Jackie Kay's new collection is a lyric counterpart to her memoir, Red Dust Road, the extraordinary story of the search for her Nigerian and Highland birth-parents; but it is also a moving book in its own right, and a deep enquiry into all forms of human friendship. Fiere - Scots for `companion, friend, equal' - is a vivid description of the many paths our lives take, and of how those journeys are made meaningful by our companions on the road: lovers, friends, parents, children, mentors - as well as all the remarkable and chance acquaintances we would not otherwise have made. Written with Kay's trademark wit and flair, and infused with both Scots and Igbo speech, it is also a fascinating account of the formation of a self-identity - and the discovery of a tongue that best honours it. Musical and moving, funny and profound, Fiere is Jackie Kay's most accomplished, assured and ambitious collection of poems to date.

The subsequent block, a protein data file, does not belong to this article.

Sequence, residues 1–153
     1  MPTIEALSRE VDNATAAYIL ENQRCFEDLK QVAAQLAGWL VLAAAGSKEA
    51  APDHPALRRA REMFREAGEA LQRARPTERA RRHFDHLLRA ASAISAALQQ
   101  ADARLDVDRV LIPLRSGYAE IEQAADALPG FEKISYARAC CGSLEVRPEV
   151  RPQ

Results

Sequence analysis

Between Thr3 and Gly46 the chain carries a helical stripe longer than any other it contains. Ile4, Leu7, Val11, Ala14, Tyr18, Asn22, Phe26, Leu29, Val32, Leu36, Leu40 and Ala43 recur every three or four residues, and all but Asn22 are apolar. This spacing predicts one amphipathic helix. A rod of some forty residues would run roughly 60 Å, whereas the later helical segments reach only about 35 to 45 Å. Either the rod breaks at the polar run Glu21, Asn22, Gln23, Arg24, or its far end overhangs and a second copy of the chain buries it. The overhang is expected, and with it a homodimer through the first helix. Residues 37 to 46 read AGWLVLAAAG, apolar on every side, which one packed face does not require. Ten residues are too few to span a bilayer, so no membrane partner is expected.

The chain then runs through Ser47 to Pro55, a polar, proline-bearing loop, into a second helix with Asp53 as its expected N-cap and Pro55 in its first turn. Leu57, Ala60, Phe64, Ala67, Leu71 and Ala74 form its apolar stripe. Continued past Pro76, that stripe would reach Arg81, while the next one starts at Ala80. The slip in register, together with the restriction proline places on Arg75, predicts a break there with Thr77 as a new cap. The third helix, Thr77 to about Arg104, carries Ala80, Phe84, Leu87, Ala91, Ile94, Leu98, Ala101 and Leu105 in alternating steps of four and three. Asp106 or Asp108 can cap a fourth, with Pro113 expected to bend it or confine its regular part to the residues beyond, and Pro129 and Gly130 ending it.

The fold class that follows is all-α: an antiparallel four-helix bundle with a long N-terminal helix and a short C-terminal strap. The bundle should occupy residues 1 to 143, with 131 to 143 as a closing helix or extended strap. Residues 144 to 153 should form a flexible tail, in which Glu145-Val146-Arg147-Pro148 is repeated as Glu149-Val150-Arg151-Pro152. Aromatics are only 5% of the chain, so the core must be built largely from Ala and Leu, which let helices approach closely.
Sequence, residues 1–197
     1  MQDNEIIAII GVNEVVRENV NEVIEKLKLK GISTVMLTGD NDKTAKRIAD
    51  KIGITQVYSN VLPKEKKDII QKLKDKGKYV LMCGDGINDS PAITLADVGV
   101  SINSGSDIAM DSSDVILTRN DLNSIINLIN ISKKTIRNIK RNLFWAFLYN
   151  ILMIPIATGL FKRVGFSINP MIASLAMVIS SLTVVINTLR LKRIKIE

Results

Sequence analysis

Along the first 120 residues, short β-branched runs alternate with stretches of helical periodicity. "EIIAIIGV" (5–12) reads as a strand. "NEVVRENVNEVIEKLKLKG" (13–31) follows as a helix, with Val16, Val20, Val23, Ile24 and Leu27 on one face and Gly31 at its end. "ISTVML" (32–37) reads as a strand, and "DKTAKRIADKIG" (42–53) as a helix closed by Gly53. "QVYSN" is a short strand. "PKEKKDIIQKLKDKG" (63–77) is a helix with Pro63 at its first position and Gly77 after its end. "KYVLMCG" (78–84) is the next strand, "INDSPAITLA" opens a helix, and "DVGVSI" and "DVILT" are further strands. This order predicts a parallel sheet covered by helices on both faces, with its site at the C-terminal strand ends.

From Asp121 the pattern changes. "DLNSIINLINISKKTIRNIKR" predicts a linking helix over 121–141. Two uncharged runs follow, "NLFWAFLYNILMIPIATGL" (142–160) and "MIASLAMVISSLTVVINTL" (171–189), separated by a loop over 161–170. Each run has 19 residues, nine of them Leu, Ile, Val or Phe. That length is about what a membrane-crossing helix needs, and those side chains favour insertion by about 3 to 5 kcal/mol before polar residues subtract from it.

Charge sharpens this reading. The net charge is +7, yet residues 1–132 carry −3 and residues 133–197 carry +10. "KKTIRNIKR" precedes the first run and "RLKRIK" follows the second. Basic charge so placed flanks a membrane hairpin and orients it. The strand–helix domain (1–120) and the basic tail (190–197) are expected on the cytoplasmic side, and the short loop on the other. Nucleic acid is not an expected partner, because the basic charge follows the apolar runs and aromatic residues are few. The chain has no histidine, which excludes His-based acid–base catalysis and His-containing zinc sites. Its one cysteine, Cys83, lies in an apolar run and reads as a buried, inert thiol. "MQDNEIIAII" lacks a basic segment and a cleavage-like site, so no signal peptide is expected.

Jackie Kay was born in Edinburgh. She is the third modern Makar, the Scottish poet laureate. A poet, novelist and writer of short stories, she has enjoyed great acclaim for her work for both adults and children. Her first novel Trumpet won the Authors' Club First Novel Award and the Guardian Fiction Prize. She is also the author of three collections of stories with Picador, Why Don't You Stop Talking, Wish I Was Here, and Reality, Reality; two poetry collections, Fiere and Bantam; and her memoir, Red Dust Road. She is Professor of Creative Writing at Newcastle University, and divides her time between Glasgow and Manchester, where she is currently Chancellor of the University of Salford.